[This is like the start of a TV program which reminds you what happened last week]
The WA Rowing Club launch deck has become increasingly treacherous in the past two years and has started to rack up a pretty impressive injury tally, not least Bella's impressive leg scars and a rather memorable incident involving firefighters, ambulances and such servicemen when a wayward leg was caught between the planks.
We secured a grant from the State Heritage Office worth more than $50,000 to help replace the launch deck. This replacement will allow us to extend the deck to the edge of our lease zone, which will mean we can launch eights without having to feed out the span of a rigger. Woohoo!
Heritage Architect Bruce Callow, who has a long history with the Club, has been working together with Clem Williams, John Vos and the committee to draw up plans for the new deck.
For those who have often asked why we're not getting a floating deck, the answer is two-fold:
1. The anchor points are problematic in the long term and with unpredictable prevailing wind conditions, would ultimately lead to damage to the club
2. The tides mean at low tide, reasonably common in summer, the floating deck could in fact get "stuck" in the mud in the bottom of the river and not come back up when the tide rises... or when it does, it'll become unstuck and hurtle to the surface.
So... no. there is not going to be a floating deck.
Our development application has been submitted to the Metropolitan Redevelopment Authority. The MRA has not yet accepted the submission - they are seeking a few little bits of clarification but so far, it's looking pretty good.
From here they have a 42-day referral period during which they'll talk to other groups, perhaps the Swan River Trust, the City of Perth, Department of Heritage and/opr Department of Aboriginal Affairs and anyone else who might need to be consulted on the works. This might change, so don't take this blog as gospel. We've already engaged with the SRT and Heritage so we're hopeful this process will be relatively smooth.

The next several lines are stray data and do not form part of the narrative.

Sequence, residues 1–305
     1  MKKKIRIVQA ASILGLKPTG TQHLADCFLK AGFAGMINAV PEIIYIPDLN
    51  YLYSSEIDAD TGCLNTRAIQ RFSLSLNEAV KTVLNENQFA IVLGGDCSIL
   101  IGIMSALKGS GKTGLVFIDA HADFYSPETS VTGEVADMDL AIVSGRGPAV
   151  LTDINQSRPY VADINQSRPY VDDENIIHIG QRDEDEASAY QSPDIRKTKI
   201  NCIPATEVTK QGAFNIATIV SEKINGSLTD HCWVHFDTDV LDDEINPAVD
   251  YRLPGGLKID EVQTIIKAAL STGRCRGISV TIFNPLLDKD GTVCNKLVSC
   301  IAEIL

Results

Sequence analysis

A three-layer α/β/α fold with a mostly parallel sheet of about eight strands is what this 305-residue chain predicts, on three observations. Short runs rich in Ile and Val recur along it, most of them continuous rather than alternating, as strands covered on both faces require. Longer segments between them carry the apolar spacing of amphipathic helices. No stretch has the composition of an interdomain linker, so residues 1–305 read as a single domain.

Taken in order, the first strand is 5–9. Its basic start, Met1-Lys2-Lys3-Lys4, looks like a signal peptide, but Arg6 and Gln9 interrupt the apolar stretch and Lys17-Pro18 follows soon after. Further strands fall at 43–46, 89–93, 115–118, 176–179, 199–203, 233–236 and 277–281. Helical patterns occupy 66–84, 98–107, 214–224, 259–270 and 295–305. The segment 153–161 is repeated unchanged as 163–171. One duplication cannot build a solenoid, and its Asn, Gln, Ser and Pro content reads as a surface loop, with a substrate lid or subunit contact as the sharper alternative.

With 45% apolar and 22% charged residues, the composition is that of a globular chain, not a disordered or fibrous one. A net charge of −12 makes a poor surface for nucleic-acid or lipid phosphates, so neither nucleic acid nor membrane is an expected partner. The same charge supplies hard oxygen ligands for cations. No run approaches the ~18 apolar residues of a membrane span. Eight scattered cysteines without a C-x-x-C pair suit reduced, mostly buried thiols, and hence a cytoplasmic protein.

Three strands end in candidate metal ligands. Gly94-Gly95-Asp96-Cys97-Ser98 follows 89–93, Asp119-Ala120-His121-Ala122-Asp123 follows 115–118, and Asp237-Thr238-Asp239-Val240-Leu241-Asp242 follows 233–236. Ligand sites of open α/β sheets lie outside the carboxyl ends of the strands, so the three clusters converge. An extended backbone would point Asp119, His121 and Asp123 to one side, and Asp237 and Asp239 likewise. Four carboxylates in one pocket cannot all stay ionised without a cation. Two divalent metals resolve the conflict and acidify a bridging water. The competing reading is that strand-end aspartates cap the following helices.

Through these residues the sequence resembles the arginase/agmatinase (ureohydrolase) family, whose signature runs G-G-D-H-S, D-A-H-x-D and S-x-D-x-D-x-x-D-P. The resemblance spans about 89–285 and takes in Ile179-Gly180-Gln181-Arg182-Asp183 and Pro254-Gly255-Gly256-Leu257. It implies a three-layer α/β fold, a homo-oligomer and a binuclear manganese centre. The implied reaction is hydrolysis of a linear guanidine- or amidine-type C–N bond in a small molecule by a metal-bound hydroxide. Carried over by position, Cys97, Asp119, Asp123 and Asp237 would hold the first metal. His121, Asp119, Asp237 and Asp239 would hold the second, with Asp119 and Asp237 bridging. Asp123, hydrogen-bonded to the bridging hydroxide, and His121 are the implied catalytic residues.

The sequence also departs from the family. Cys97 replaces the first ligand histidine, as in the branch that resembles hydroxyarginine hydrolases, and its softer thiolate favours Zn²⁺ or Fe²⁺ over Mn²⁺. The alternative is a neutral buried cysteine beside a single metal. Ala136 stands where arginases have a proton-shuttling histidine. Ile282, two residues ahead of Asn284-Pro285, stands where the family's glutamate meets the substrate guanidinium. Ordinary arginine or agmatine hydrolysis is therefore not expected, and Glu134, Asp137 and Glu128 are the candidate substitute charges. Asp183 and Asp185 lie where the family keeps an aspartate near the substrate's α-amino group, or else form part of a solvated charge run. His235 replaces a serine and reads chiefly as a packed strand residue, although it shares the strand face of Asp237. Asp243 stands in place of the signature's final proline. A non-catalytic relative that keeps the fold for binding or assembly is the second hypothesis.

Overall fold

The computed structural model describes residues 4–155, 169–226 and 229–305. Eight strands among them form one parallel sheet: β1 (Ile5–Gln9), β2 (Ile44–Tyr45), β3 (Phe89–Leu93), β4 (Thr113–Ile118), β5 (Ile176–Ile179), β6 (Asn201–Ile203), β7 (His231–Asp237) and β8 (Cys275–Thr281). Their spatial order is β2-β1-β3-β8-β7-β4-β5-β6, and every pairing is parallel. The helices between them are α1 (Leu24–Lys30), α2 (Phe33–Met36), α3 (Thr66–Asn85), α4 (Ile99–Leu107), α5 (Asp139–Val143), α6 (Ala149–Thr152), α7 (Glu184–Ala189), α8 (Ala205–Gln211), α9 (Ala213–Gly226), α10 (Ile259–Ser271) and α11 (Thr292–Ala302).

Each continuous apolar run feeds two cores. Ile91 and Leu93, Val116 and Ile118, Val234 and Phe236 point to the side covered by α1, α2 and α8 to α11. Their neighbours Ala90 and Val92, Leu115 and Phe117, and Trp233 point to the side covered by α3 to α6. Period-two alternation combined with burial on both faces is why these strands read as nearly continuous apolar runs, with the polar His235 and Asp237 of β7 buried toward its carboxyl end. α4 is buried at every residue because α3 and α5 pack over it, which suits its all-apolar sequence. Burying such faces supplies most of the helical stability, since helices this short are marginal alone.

If the works are considered major or controversial requiring more input, we may face a 90-day comment period - including the first 42 days - but that not mandatory. It's at the discretion of the MRA and we're optimistic we won't need to go through that process.
Here's some FAQs:
Q: When will construction start?
A: To be honest, we're not sure. Almost no one we are dealing with has been through this sort of approvals process since the MRA was formed. We do know we want to get it done and dusted this year before our lease expires in 2017.
Q: What colour will it be?
A: Something pretty neutral, perhaps a grey. We probably won't get away with something too loud due to heritage, however we're looking for a safety line around the edge to make it easier to see.
Q: How will we get speedboats up?
A: There will be a sloped front mid-section so we can get speedboats more easily up onto the ramp. HOORAY.
Q: What is the total cost?
A: Total cost is currently looking at the far side of the $100K mark. So we are expecting we'll need to put in some decent fundraising work to cover the cost of it this year. We'll need help not just with fundraising but probably also with construction. To get in early and help coordinate this, contact Janet on email@example.com.
We hope this gives you a bit of update on the deck. This is real, and it's happening to us, gang. Exciting times.